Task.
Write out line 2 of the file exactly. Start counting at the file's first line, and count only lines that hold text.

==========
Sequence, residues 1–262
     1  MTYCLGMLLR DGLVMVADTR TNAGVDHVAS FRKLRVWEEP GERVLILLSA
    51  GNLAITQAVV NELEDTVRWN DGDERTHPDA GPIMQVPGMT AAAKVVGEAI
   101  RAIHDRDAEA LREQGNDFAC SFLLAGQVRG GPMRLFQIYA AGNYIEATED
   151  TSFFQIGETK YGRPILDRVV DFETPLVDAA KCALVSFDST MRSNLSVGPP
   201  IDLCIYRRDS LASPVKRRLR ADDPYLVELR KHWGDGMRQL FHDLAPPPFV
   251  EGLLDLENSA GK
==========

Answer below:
     1  MTYCLGMLLR DGLVMVADTR TNAGVDHVAS FRKLRVWEEP GERVLILLSA